In the wake of Britain’s vote to leave the European Union (EU), Preqin surveyed over 90 institutional investors with exposure to UK real estate, in order to assess their expectations and intentions following the result. Over half (57%) of the investors surveyed stated that the referendum result makes it likely that they will invest less in the UK over the next 12 months, with just 11% expecting to invest more than in the previous year.
Over the longer term, the outlook looks more positive for the UK market. Although 32% of respondents stated that they expected to invest less in the UK over the longer term as a result of Brexit, the majority (55%) do not expect it to affect their approach to the UK market, and 13% anticipate allocating more capital to the UK.
It is clear that institutional investors are adopting a wait-and-see approach to the UK real estate market in the wake of the Brexit vote. Over half of the investors surveyed by Preqin expect to invest less capital in the UK in the coming year than they would otherwise have done, and over the longer term a third of institutions may look to reduce their exposure.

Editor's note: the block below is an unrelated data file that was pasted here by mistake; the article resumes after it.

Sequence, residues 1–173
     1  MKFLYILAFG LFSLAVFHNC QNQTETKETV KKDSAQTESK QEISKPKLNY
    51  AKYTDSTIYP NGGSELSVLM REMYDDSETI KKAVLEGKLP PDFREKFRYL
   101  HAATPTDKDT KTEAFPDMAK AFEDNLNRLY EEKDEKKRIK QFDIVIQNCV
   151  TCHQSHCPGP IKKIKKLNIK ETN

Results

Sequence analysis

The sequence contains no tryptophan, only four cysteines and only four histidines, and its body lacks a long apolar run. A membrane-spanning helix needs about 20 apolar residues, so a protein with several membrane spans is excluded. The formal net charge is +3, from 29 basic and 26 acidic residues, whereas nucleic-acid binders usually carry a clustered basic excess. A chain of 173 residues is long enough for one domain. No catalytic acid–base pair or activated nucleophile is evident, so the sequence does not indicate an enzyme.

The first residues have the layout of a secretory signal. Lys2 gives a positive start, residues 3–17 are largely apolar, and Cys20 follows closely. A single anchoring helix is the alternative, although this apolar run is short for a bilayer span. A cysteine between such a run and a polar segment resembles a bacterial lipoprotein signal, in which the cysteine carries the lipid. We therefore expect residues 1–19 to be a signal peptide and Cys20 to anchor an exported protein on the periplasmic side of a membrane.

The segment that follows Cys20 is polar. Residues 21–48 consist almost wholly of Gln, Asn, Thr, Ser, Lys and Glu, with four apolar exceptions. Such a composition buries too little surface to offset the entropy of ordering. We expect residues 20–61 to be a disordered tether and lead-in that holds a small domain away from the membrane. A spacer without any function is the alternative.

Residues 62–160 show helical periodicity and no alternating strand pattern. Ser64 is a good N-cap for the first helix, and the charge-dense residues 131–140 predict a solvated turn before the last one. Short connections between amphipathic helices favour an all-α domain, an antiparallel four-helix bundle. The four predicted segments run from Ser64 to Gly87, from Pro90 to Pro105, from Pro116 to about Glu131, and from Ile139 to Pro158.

Already in the wake of the referendum, a number of UK-focused real estate funds serving retail investors have suspended withdrawals following a high number of redemption requests, and the results of this study suggest that the level of institutional capital entering the UK property sector also looks set to fall as a result of Brexit.
When asked about the performance of their overall real estate portfolios in the coming year, 37% of respondents expected Brexit to have a negative impact, compared with 14% that anticipate a positive impact and 49% which think it will have no effect. Regarding their real estate investments in the rest of the EU, 24% of surveyed institutional investors stated they would be likely to invest less in the coming year, while 16% expect to invest more. Over the longer term, 17% of respondents expect to increase their investments in the rest of the EU, while 13% expect to reduce their exposure.